| 30/08/2011 | 1 Comment

(CNS): Following a weekend of violence in which there was a shooting, a stabbing and two armed robberies police have brought charges against one of the suspects. Following an operation in East End the police arrested a 25 year old man on Sunday and charged him Tuesday morning for attempted murder. The man is accused of repeatedly stabbing another 25 year old man in the neck and upper body during an incident at the Cayman Islander Hotel on West Bay Road in the early hours of Saturday morning following the Wet-fete party. The suspect who has not yet been named was due to appear in court Tuesday. (Photo Dennie Warren Jr)

When police arrived on the scene of the stabbing at around 2:45am they said the victim was bleeding profusely and he was taken to hospital for his injuries which were discovered not to be life threatening.

The weekend was marred by further violence as police were also called to a shooting in West Bay when a teenager was shot in the hip by masked gunmen at around 5:10 in Anderson Road, West Bay. The victim was reportedly confronted by two masked men armed with a shotgun, who shot at him before making off from the scene. The suspects were described as being 5’10 and 6’ 0 in height wearing long pants with hoody-style camouflage jackets.

Then on Saturday evening a woman who suffered head injuries was treated in hospital following a robbery outside her home in Bodden Town. The victim was attacked by an armed man at about 10 pm in South Cayman Palms, Bodden Town. As she emerged from her car outside her house she was approached by an armed man. According to the police he struck her on the forehead with his gun and grabbed her handbag.  The suspect was described as being 6 ft tall, of slim build and wearing dark clothing.

On Sunday afternoon in broad daylight a man was mugged of his jewellery on a George Town Street.  The victim was confronted by two masked suspects, armed with what appeared to be handguns in Heather Lane, off Eastern Avenue. The robbers stole a gold chain and bracelet before fleeing the scene. Both were both described as being only around 5'3" in height, fair complexion, wearing white t-shirts, long jeans and black masks.

Anyone who has any information on any of thesecrimes is asked to contact George Town CID on 949-4222 or the confidential Crime Stoppers number 800-8477 (TIPS).

 

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Woman finally able to admit stabbing mother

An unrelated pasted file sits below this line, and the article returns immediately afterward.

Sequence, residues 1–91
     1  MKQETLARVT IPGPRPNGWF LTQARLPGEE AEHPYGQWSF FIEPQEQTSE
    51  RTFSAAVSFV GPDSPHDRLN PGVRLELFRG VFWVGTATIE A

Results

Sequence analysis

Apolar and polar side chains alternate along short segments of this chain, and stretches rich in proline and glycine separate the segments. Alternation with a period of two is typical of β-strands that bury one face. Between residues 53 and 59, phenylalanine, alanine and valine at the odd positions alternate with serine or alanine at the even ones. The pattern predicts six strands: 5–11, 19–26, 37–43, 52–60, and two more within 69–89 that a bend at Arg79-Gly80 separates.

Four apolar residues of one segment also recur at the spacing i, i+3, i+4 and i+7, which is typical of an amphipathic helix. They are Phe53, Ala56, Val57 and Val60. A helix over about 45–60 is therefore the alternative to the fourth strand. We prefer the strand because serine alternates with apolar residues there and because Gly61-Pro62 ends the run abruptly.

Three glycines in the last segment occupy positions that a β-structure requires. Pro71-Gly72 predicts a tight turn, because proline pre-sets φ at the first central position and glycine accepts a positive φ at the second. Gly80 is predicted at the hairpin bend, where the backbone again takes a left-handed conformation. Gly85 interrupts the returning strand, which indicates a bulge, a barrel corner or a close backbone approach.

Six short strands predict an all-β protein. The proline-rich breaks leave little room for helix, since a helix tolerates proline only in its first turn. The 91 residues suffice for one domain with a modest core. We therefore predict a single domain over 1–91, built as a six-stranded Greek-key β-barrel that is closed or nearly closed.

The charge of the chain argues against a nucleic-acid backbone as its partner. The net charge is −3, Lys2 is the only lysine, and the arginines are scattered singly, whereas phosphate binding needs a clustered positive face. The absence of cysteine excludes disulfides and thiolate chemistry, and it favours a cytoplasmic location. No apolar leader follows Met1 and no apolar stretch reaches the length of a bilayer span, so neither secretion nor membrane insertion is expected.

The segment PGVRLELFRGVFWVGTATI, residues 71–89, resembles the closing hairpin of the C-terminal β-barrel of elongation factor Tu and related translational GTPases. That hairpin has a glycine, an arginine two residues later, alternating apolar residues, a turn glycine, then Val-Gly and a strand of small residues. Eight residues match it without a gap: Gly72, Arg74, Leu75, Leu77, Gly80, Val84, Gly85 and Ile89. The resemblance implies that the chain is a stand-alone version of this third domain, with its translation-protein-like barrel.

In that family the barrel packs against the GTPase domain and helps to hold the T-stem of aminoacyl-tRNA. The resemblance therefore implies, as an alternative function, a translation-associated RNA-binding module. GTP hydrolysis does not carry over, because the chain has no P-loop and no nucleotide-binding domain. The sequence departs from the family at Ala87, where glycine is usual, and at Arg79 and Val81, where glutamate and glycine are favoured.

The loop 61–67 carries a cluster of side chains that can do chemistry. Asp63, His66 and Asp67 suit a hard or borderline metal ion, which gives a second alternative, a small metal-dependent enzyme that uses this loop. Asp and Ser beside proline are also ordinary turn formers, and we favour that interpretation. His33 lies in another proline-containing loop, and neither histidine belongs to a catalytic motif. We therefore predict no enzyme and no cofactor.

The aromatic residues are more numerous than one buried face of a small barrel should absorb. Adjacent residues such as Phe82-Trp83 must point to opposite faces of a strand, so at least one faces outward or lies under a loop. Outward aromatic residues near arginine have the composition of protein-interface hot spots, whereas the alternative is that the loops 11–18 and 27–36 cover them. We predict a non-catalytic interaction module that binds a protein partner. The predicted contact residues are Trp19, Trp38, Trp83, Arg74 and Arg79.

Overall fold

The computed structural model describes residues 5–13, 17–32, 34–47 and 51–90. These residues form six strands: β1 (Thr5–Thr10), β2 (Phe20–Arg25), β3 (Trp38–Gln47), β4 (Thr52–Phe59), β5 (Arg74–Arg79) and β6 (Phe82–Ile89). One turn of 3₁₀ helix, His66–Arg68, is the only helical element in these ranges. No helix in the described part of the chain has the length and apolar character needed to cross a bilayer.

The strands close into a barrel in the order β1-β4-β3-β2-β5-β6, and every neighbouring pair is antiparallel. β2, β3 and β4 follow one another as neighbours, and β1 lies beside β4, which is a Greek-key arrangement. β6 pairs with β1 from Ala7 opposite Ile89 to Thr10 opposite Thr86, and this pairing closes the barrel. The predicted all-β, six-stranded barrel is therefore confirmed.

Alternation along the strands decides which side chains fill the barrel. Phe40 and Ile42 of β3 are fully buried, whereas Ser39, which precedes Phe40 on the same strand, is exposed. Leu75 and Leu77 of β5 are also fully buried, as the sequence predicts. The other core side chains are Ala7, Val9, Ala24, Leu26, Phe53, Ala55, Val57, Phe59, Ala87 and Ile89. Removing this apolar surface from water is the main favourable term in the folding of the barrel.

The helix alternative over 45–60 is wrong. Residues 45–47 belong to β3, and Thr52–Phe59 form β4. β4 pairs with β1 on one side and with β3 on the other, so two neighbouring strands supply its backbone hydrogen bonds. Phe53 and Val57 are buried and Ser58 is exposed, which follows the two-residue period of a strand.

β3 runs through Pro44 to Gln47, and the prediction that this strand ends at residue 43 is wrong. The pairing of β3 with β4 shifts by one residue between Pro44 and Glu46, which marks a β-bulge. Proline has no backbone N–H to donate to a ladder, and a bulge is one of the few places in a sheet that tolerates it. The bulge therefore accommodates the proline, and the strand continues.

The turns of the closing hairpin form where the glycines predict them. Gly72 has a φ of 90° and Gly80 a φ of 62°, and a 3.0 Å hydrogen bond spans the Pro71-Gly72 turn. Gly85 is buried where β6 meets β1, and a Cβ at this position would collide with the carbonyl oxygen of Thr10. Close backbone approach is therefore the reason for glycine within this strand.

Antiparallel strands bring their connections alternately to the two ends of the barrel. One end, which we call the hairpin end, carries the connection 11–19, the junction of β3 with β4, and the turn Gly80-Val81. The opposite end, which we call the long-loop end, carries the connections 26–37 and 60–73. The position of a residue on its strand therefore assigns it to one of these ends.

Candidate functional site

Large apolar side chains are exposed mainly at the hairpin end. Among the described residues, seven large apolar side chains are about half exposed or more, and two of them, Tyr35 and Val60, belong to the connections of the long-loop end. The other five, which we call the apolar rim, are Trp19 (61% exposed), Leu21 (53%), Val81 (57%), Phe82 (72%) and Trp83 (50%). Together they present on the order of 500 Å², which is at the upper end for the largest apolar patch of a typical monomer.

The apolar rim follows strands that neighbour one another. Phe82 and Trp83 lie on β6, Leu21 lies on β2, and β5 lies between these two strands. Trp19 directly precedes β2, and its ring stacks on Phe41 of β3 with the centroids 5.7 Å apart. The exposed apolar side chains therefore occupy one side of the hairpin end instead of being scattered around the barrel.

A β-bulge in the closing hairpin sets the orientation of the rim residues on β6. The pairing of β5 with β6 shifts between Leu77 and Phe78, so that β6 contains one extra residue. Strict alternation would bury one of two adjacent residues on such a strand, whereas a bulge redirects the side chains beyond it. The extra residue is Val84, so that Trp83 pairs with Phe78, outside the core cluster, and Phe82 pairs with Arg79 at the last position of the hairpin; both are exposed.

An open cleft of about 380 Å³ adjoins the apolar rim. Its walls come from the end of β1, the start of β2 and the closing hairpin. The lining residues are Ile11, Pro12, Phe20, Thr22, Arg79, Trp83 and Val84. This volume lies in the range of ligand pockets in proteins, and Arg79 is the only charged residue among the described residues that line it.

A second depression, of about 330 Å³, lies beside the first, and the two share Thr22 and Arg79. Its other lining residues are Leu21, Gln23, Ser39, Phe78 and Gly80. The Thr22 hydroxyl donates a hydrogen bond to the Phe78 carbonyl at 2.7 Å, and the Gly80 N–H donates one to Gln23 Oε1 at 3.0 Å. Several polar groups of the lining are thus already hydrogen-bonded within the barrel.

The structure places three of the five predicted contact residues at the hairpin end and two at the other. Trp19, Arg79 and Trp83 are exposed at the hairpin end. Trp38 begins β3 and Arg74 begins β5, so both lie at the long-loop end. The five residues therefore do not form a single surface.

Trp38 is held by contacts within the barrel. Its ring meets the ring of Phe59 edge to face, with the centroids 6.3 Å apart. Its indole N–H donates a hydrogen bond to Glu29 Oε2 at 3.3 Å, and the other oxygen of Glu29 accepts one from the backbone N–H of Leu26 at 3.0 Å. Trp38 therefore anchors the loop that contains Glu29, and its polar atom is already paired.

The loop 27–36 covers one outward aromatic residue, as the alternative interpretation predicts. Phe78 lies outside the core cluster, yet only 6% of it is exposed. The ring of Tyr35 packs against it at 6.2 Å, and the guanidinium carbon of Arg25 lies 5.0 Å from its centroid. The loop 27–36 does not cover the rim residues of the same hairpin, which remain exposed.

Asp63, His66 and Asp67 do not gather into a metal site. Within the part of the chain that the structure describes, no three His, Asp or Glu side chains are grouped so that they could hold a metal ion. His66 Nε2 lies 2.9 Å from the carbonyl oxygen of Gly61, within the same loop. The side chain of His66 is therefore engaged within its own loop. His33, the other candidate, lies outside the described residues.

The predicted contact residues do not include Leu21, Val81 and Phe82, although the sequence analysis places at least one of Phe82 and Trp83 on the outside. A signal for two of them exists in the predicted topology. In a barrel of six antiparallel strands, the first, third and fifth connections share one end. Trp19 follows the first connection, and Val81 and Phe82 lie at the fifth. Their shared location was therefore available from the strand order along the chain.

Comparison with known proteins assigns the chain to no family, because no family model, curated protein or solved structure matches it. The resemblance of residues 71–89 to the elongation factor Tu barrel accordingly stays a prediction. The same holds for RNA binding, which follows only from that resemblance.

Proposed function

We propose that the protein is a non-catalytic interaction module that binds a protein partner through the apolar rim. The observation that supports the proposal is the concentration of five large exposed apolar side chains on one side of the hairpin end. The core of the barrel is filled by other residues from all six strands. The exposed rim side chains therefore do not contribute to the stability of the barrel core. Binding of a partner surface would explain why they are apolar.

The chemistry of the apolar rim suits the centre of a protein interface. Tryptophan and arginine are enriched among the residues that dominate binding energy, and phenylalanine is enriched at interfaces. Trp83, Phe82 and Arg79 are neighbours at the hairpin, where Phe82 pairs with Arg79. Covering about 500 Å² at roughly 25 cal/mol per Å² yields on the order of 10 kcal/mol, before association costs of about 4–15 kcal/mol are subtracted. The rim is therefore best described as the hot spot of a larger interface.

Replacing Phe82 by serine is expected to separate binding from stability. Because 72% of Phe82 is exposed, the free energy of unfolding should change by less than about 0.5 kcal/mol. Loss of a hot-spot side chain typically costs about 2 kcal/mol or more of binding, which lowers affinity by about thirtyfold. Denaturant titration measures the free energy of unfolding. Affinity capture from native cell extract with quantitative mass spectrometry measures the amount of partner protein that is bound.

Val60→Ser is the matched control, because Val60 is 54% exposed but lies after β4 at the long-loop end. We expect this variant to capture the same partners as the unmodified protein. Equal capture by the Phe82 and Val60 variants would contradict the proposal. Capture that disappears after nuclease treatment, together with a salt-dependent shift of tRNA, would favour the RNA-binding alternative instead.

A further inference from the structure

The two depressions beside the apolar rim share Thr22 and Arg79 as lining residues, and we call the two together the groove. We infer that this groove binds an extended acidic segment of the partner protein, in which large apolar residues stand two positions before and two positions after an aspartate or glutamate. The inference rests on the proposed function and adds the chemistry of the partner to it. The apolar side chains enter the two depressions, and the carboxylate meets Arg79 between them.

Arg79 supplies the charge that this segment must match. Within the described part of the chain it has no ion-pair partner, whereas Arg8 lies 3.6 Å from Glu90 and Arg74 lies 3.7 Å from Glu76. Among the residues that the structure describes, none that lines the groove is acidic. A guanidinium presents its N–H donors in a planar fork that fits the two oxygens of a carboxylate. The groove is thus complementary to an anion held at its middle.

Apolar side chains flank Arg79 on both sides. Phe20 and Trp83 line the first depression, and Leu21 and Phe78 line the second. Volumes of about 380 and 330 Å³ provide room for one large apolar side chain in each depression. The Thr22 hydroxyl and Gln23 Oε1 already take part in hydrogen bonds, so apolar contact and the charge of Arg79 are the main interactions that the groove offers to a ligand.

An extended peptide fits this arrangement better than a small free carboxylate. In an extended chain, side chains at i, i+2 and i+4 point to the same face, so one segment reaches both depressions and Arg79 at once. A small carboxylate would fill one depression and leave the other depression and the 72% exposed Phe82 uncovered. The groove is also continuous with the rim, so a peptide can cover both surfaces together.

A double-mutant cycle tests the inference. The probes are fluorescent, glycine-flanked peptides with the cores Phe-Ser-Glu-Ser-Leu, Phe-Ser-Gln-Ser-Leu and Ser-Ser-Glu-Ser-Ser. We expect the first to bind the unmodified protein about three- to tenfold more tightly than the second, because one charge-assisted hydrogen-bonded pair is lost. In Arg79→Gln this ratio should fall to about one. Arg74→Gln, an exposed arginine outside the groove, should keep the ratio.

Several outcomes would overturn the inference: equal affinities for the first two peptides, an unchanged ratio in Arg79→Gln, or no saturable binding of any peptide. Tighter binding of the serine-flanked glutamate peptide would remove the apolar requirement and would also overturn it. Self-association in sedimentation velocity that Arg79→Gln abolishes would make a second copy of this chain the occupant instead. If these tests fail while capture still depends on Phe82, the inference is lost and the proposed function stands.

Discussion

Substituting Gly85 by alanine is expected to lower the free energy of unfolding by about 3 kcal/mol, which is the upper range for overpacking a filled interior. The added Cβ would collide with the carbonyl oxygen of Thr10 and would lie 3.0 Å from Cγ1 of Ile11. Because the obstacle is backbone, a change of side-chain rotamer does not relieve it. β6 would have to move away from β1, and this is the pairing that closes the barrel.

| 30/08/2011 | 1 Comment

(CNS): A West Bay woman who has made at least a dozen court appearances since she was charged with attempted murder was finally able to speak to the court last Friday when an interpreter was present. 32 year old Laverne Gould who is deaf pleaded guilty via a sign language interpreter to wounding with intent in connection with the incident which took place on Finch Road in West Bay earlier this year. With the assistance of the interpreter Gould apologised to the court for her crime. The woman had stabbed her 63 year old mother, Leanna Ebanks, in the neck while she was sleeping but her parent has written to the court making it clear that she has forgiven her daughter for the attack which was made in a fit of temper.

Gould will now be sentenced on 7 October following the submission of a social enquiry report. Ben Tonner the defence counsel representing Gould said that mitigation would be made on behalf of his client, who has no previous convictions, outlining the circumstances of the attack in due course, but the interpreter told the court on behalf of Gould, "She's sorry about it; she never meant to do it."

The West Bay woman has been in custody since her arrest on 1 May and has made numerous court appearances but on each occasion despite continuous requests by her attorney no sign interpreter was available to assist Gould to understand the proceedings or speak for her. At the last appearance on 19 August Ben Tonner had pointed out with only two sign language interpreters working in the jurisdiction it was proving difficult to coordinate.

However, Justice Alex Henderson had ordered that a sign language interpreter be present at the next appearance and was finally able to move the stalled case along.

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AG promises more scrutiny

| 30/08/2011 | 23 Comments

(CNS): The Cayman Islands auditor general has promised more scrutiny of government procurement as it happens rather than waiting until bids are complete, in light of his recent findings. Alastair Swarbrick told the media last week that his office would be looking more closely at all bids going through the competitive tendering processes to ensure that the rules are being followed correctly. The country’s public auditor and watchdog of the public finances said he would be publishing more reports on the subject and keeping a close eye on how public funds are being spent and how the process improves.